When did "friend" also become a verb? When Facebook took over the world, that's when.
My Facebook friend (used here as a noun) Tracy Correa just wrote a great article in the Fresno Bee called "Teen Crisis: Should they friend parents on Facebook?" Thankfully, my children are only 4 and 2, and hence, too young to be on Facebook. (Although I wouldn't put it past my 4-year-old daughter, who is 4 going on 14!)
But plenty of parents are or will be facing this issue before they know it. When that time comes, I, for one, would like to think that my daughter would be among the 16% in a recent Kaplan survey that said parental friending "was a condition of parental approval for starting a Facebook page." Yet the same survey also says 40% of the teenagers surveyed simply ignored their parents' friend requests! How is that even acceptable? The kids complain of having to censor themselves because their parents are able to monitor their posts. Well I say, "GOOD." Maybe that might make you might think twice before posting risque pictures and profanity, or evidence of illegal activity, or becoming an online bully.
Kids need a private space, I get that. I promise, as God is my witness, to try very hard not to read my daughter's diary, if she were to ever have one. The thing is, THE INTERNET IS NOT PRIVATE. Let me say that in all caps and bold again: A FACEBOOK PAGE IS NOT YOUR PRIVATE SPACE. Depending on your privacy settings, all it takes is a friend of a friend to view your posts or your page, and that could lead to trouble.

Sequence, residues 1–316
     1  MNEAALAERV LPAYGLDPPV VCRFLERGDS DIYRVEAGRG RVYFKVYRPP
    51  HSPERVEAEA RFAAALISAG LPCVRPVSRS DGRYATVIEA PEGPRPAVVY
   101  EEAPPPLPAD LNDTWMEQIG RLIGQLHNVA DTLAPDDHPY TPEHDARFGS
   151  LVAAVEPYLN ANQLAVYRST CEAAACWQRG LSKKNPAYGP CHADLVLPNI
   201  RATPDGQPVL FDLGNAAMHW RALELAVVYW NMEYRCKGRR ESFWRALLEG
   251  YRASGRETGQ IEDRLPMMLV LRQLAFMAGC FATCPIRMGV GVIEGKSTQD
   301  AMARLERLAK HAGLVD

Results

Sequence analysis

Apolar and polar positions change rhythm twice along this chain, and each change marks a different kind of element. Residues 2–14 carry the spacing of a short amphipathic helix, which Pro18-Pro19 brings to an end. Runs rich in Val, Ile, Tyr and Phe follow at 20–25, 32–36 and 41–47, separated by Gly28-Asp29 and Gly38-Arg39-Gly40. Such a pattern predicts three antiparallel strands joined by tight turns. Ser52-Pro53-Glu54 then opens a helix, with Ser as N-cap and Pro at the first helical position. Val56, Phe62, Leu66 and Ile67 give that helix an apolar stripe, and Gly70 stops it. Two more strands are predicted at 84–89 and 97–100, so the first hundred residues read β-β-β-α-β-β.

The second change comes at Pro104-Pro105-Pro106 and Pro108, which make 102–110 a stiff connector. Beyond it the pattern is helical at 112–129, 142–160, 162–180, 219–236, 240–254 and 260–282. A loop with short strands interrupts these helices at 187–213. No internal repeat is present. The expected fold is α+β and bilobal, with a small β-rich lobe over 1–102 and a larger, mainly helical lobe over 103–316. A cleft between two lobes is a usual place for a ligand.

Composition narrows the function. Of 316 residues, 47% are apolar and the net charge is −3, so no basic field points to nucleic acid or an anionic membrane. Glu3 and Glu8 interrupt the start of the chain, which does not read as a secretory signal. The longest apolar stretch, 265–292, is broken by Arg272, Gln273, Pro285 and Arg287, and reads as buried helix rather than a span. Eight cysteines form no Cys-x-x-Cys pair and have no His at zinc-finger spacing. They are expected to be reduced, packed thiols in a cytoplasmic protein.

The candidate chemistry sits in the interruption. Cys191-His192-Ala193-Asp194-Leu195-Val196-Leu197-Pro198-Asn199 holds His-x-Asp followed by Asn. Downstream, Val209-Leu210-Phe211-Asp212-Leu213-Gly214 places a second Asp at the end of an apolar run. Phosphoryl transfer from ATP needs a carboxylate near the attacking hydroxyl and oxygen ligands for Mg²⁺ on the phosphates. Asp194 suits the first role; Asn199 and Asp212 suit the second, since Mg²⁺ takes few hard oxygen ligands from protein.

What kids (and some adults) have a hard time realizing (until it's too late), is that Facebook posts have real life consequences. Did you hear about that 22-year-old waitress who lost her job because she vented about a customer in her Facebook post? Or how about that Illinois high school student who could be expelled for ranking his female classmates on his Facebook page? The list of cautionary tales could go on forever.
Bottom line: parents need to be monitoring their children's pages. Not as a friend, but as their parent.
But there are rules for parents too. This may be the best part of Tracy's article. Facebook etiquette for parents who are friends with their teens... ROTFL! oops. sorry. so uncool.
-- Don't post embarrassing comments on your child's page -- better yet, refrain from commenting.
-- Don't share embarrassing photos that you think are adorable but your child most likely does not, and refrain from "liking" said photos.
-- Don't "tag" your child in photos (which then automatically shoot directly to his/her page) unless you ask permission first.
-- Don't send friend requests to all of your child's friends -- people you mooched from his/her friends list.
-- Don't post reminders on your child's wall such as, "Don't forget to wear your retainer."
-- Don't make critical comments about the appearance of their friends in photos (i.e. that girl is showing a little too much cleavage).
-- Don't try to be cool by using terms like LOL, BTW, LMAO and the like -- especially if you have no idea what they mean.